Jurors convicted former Brooklyn Center police officer Kimberly Potter on Thursday of both manslaughter counts filed against her in the April 11 fatal shooting of Daunte Wright, making her the third officer in Minnesota to be convicted of killing a civilian while on duty.
Potter, 49, stood between two of her attorneys and showed little emotion as Hennepin County District Judge Regina Chu read the guilty verdicts for first- and second-degree manslaughter. Upon hearing each verdict, Potter, with her attorneys hands on either shoulder, turned her gaze from the judge to the table below her.
Wright's family let out cries each time; his mother, Katie Bryant, broke into sobs after the first guilty verdict. Potter's husband, Jeff Potter, and their two grown sons watched in the courtroom, clasping all of their hands together.
Potter displayed no obvious reaction as her attorneys argued unsuccessfully against Chu's decision to immediately arrest her and hold her without bail to await sentencing. But as she walked to a sheriff's deputy and placed her hands behind her back her husband, a retired police officer, called out.
"I love you, Kim!" he said.
"I love you," Potter replied quietly.
Defense attorneys Paul Engh and Earl Gray briefly comforted Potter before she was led into a back room in handcuffs. She is being held at the women's prison in Shakopee in administrative solitary confinement separated from other inmates, presumably out of concern for her safety.
Potter's sentencing is scheduled for Feb. 18. Engh declined to comment on the verdicts. Gray, who shook his head throughout Thursday's proceeding and briefly rested his head on the attorneys' table, did not return a message seeking comment.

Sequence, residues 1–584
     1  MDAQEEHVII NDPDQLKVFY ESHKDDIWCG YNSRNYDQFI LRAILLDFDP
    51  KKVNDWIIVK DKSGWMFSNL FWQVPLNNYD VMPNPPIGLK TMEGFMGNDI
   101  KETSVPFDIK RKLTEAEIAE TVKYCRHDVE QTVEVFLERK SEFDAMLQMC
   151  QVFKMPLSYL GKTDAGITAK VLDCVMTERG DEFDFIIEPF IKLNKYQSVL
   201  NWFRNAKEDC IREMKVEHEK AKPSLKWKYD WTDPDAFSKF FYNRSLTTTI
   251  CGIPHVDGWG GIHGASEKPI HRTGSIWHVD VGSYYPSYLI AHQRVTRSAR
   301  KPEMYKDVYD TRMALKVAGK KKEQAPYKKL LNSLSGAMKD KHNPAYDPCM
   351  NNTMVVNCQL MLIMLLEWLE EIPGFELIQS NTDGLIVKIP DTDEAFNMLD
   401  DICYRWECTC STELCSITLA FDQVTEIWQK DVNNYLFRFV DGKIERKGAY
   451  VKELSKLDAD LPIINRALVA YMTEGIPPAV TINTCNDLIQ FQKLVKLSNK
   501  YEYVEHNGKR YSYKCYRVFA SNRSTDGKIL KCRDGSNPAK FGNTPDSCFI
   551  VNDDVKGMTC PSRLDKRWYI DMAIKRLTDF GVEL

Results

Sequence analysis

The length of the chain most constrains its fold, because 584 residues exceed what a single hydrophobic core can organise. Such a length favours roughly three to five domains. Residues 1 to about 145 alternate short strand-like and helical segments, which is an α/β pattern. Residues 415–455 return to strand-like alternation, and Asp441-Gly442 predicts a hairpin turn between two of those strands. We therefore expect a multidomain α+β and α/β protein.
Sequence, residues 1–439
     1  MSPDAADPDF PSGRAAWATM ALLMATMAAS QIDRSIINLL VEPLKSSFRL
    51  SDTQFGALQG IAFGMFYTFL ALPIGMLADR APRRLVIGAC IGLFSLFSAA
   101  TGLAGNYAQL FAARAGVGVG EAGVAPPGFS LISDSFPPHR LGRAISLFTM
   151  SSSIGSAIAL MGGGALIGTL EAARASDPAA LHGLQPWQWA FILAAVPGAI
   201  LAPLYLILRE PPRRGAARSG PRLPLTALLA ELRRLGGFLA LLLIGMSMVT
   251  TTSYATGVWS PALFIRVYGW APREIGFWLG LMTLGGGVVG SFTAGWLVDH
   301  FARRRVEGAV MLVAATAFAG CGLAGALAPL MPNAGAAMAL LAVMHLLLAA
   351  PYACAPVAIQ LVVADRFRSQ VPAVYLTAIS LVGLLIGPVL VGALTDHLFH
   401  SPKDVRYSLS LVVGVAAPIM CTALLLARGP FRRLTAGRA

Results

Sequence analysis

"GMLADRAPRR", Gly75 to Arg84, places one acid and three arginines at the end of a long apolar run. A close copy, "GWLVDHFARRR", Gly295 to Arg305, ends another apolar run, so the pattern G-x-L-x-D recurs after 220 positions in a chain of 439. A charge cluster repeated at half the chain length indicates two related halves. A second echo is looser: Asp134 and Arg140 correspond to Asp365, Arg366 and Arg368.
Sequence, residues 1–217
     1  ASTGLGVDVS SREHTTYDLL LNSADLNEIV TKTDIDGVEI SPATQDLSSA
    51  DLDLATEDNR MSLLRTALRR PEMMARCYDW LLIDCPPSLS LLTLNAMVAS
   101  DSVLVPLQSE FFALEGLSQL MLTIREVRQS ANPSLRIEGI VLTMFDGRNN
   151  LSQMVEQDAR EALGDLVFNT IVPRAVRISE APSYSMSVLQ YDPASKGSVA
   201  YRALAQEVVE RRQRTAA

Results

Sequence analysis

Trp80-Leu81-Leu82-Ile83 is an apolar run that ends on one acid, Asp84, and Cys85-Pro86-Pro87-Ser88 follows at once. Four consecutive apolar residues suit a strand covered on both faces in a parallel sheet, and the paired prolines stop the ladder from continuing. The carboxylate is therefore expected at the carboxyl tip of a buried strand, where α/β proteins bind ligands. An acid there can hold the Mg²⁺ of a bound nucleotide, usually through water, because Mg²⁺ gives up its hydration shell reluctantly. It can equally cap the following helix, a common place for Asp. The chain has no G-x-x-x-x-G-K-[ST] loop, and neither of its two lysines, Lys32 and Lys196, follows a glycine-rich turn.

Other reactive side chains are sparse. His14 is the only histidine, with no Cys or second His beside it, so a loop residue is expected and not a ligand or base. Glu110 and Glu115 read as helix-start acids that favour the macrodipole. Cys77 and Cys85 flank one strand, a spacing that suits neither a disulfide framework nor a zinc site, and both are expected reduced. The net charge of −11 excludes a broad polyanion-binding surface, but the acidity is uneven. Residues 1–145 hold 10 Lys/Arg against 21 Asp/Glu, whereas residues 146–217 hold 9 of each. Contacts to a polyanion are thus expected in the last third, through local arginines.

Outside the courthouse Wright's family members and supporters erupted in celebration. Wright's parents spoke about the convictions shortly afterwards with Minnesota Attorney General Keith Ellison, whose office led the prosecution with assistance from the Hennepin County Attorney's Office.
"Oh my gosh, the moment that we heard guilty on the manslaughter one — emotions, every single emotion that you can imagine just running through your body at that moment," Bryant said. "I kind of let out a yelp because it was built up... Now we've been able to process it. We want to thank the entire prosecution team. We want to thank community support — everybody who's been out there who has supported us in this long fight for accountability."
Bryant declined to comment when asked what she thought of Potter's testimony last week during which Potter broke down sobbing and apologized twice. Wright's father, Arbuey Wright, appeared overcome with emotion and stepped away from the podium.